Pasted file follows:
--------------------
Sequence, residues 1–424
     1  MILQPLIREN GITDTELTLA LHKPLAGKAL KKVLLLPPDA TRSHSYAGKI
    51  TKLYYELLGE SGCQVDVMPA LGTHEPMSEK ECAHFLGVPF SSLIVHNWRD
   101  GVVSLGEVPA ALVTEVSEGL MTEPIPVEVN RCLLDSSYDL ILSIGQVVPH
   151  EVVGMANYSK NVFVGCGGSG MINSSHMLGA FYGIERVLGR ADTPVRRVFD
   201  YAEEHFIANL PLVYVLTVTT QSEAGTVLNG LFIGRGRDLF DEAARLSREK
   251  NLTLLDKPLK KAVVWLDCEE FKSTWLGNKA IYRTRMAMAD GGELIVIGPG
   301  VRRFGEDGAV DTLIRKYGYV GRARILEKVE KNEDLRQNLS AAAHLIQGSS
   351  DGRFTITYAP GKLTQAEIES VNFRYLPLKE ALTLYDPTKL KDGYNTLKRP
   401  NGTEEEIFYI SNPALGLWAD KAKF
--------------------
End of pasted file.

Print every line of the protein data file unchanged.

Sequence, residues 1–424
     1  MILQPLIREN GITDTELTLA LHKPLAGKAL KKVLLLPPDA TRSHSYAGKI
    51  TKLYYELLGE SGCQVDVMPA LGTHEPMSEK ECAHFLGVPF SSLIVHNWRD
   101  GVVSLGEVPA ALVTEVSEGL MTEPIPVEVN RCLLDSSYDL ILSIGQVVPH
   151  EVVGMANYSK NVFVGCGGSG MINSSHMLGA FYGIERVLGR ADTPVRRVFD
   201  YAEEHFIANL PLVYVLTVTT QSEAGTVLNG LFIGRGRDLF DEAARLSREK
   251  NLTLLDKPLK KAVVWLDCEE FKSTWLGNKA IYRTRMAMAD GGELIVIGPG
   301  VRRFGEDGAV DTLIRKYGYV GRARILEKVE KNEDLRQNLS AAAHLIQGSS
   351  DGRFTITYAP GKLTQAEIES VNFRYLPLKE ALTLYDPTKL KDGYNTLKRP
   401  NGTEEEIFYI SNPALGLWAD KAKF